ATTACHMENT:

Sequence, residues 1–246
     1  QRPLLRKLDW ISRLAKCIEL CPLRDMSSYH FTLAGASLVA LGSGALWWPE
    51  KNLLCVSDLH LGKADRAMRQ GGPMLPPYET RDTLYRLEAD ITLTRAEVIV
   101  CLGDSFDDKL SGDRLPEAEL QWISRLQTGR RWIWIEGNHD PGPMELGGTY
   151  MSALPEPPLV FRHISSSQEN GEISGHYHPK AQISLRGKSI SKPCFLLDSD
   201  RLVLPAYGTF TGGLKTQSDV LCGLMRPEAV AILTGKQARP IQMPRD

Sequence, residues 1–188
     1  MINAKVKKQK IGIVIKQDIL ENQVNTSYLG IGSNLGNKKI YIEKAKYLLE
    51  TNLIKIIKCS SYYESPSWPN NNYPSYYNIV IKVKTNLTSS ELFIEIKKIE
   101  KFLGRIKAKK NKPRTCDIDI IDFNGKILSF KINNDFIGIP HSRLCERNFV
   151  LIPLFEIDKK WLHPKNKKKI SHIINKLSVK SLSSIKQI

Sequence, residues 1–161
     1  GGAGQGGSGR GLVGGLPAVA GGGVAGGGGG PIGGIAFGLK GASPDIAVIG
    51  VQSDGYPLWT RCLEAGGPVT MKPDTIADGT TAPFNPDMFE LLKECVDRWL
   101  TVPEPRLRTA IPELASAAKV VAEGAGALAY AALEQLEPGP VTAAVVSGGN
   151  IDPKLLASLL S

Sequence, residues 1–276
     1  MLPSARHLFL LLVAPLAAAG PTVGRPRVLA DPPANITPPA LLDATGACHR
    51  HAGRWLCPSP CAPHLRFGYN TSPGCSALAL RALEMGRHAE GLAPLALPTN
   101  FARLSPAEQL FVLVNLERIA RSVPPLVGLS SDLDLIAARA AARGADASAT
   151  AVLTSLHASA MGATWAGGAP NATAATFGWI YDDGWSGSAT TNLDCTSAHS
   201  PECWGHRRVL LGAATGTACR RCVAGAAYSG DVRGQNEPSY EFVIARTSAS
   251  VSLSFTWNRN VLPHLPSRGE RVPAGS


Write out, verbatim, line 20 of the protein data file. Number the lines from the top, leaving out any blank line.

   101  FARLSPAEQL FVLVNLERIA RSVPPLVGLS SDLDLIAARA AARGADASAT